Monday, 14 November 2011

The Championship & West Ham Football Finances Explained



Back in 2007 the BBC & Sky completed a deal to buy the domestic TV rights for the football league for £264 million over 3 years.

Under the deal BBC gets first choice of 10 Championship games but cannot pick one team more than twice.  Sky get 65 matches in the football league 45 of which come from the Championship.

This deal will expire at the end of this season to be replaced by a new Sky only deal worth just £195M over the next three seasons.


In response to a twitter question I recently wrote to the Football league to ask them how TV rights, overseas rights,  prize money, facility payments and premiership solidarity rights are distributed throughout the league and in particular the Championship.


Hopefully many of you will know that a new parachute payment deal which came in this season means a team like West Ham will receive £16 Million per year parachute payment from the Premiership for the first two seasons followed by two further seasons at £8 million pound per season. This new £48 million package per relegated team was ratified last season and is most generous of all parachute deals to date.


The Premiership  also pay a solidarity payment to other teams in the league outside the premiership but this excludes those receiving parachute payments like West Ham. Each Championship club receives £2.2 Million per season up from £830,000 in the previous deal.
As for the Sky/BBC money, the £88 Million per year is split according to rules in the League articles of association section 7.1. 

The first £33 million of revenue is allocated 59.6% to the Championship, 23.9% to League 1 and 16.5% to League 2

Between £33 million and £67 Million the revenue is spilt 80% to the Championship, 12% to  League 1 and 8% to League 2
Above £67 million the revenue is spilt 90% to the Championship, 6% to league 1 and 4% to league 2.

If you do the calculations as I have then each Championship team get £2,740,000 per season from the BBC/Sky deal of £88 Million. This means the 24 Championship teams share £65,760,000 of the £88,000,000 revenue.

If your match is chosen by BBC or Sky then you receive an extra facility fee worth £100,000 for the home team and £10,000 for the away team.

Overseas broadcast rights add another £7 million per season which using the 90% to the championship rule as extra income means that  each championship club picks up another £260,000 of income per season.

This means each championship club receives £3M per season in TV rights plus facility fees for each match shown on BBC or Sky.


Unlike the Premiership, Championship merit payments for league position are extremely limited. The winners of the league receive just £50,000 and the runners up £25,000. I guessing promotion to the premiership is prize enough and so the prize money is slightly irrelevant.


There is a reduction in  TV rights revenue for the football league from £264 million to £195 million from next season after Sky was the only bidder for the rights. The £69 million short fall will mean domestic TV rights falling to £1.88 Million per season for each Championship team with £250K of Overseas rights. This adds up to just over £2 Million nearly a £1 Million drop per club on previous seasons.

As for West Ham finances looking at their 2010 accounts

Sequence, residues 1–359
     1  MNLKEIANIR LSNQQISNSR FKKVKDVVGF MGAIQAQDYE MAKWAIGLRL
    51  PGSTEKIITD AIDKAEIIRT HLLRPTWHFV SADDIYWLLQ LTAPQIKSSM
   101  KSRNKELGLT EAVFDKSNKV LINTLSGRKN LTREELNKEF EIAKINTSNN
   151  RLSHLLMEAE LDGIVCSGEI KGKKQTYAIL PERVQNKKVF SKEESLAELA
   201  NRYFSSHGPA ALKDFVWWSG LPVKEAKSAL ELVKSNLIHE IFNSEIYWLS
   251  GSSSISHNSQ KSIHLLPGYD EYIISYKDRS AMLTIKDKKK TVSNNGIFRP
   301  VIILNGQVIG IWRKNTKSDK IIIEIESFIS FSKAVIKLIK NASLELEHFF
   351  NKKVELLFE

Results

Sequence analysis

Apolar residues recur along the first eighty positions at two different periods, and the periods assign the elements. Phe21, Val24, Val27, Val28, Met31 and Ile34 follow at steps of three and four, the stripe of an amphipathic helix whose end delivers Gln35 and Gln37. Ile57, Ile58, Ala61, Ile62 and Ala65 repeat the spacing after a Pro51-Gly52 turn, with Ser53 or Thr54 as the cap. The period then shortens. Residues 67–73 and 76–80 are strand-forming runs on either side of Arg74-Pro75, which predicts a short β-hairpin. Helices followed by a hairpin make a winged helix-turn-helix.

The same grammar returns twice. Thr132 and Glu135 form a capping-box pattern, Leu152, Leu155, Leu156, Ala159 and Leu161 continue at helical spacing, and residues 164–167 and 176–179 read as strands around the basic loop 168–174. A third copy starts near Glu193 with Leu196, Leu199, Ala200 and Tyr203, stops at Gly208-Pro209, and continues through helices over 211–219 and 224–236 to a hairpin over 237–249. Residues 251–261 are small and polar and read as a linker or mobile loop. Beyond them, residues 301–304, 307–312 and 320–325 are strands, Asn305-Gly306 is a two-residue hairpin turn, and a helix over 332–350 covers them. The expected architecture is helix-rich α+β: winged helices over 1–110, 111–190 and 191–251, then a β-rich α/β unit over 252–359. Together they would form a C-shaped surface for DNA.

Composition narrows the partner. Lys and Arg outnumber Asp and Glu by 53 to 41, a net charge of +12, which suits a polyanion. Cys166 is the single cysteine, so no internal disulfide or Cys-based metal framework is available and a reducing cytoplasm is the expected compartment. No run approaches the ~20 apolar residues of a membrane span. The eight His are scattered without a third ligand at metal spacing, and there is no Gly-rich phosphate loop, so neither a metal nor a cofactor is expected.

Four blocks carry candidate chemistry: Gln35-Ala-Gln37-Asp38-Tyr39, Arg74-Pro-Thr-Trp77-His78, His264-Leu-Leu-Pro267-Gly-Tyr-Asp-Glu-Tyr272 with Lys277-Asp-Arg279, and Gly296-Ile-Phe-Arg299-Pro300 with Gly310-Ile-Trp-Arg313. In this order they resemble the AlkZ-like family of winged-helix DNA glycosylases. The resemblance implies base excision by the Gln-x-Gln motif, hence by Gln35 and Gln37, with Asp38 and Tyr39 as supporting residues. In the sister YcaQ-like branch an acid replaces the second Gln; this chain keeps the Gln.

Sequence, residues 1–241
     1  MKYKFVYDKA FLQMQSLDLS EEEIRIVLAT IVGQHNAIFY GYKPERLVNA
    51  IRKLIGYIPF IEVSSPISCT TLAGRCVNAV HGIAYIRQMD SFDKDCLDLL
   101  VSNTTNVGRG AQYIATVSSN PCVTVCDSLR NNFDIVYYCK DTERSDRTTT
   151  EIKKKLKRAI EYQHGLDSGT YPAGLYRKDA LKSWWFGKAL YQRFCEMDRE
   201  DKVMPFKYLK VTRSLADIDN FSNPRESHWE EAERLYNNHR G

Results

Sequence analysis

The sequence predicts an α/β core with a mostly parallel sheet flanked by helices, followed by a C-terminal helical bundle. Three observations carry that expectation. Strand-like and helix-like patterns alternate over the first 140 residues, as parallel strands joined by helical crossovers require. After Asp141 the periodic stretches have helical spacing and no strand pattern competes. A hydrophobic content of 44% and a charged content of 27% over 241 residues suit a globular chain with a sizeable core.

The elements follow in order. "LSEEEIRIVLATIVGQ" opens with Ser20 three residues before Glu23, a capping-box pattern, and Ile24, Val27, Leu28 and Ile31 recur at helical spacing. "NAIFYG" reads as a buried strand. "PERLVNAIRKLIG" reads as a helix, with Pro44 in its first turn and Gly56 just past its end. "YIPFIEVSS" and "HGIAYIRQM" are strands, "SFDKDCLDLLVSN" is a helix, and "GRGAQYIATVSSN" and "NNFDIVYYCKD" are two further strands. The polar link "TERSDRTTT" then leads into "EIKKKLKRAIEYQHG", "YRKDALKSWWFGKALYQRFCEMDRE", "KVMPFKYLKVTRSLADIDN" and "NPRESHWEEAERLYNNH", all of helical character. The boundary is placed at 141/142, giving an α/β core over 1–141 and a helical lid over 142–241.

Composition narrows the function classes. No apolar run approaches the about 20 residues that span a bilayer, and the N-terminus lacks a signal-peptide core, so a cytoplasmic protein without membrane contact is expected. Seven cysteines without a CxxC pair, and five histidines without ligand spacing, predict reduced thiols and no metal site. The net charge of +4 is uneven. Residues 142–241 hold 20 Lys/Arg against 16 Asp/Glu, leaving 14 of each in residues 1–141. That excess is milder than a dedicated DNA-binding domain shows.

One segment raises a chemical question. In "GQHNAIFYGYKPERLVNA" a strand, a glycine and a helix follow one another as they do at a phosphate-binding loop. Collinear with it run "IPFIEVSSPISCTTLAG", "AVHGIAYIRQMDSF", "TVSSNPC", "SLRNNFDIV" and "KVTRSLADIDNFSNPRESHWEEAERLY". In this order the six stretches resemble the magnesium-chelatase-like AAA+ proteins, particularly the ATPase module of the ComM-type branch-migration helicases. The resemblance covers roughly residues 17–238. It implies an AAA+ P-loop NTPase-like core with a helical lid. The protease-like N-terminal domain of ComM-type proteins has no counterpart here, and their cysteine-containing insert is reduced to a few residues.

The West Ham accounts filled in 2010 while we were still in the Premiership showed a turnover of £71.7 Million pounds with a Wage bill of £50.3 million. Compensation payments for loss of senior management were £4.4 Million and admin/running costs were £20.4 Million. This left us with a £3 Million loss for the year.

Our wages accounted for 70% of turnover which was a lot closer to the average 67% of the premiership than previous seasons under the biscuit baron.

Income in our last year of the premiership from season tickets and match day tickets raised £16.9 Million.

Broadcast rights and sponsorship added £38 Million.

Commercial activities contributed £12.7 Million

Season tickets sales fell from 23,100 to 22,475 in that year and average attendances were 91.7% of capacity of the Boleyn ground.


Premiership documents show West Ham received the 3rd least revenue last year after coming 20th but earning above average £7.7 million of facility fees. The total was worth £40.7 Million pounds while Manchester United received the most at £60.4 Million for that season.

The full figures can be found on the Premier league website below.


The massive gulf between the two leagues is easy to see, dropping £40.7 Million by coming last in Premiership to £19 Million at the top of the Championship. The drop means a massive short fall of £21.7 Million which is why David Gold and David Sullivan needed to inject £25 million into the club this season and will need to be the same again next season if we are not promoted.


If we remain in the championship for a third season an extra £33 million will need to be found and after 4 years that rises to £41 million per season gap. You can see how important it is to get promoted at first attempt or very worst second attempt!


We can and have cut the wage bill but if you want get promoted you have to compete with everyone else in championship often at premiership level wages.


I think the two Davids should be congratulated for putting their hands in their pockets!


Sources:

Football League Finances Source: Email from Football League dated 1st Nov 2011 & Articles of Association Section 7 http://www.football-league.co.uk/regulations/20110629/section-7-broadcasting-sponsorship_2293633_2125733

West Ham Finances Source: 2010 Accounts  from WHUFC.com
http://www.whufc.com/page/FinancialReports/0,,12562,00.html


Premiership Finances Source: Premier League Press Release for 2009-2010 accounts
http://www.premierleague.com/staticFiles/fe/72/0,,12306~160510,00.pdf



No comments:

Post a comment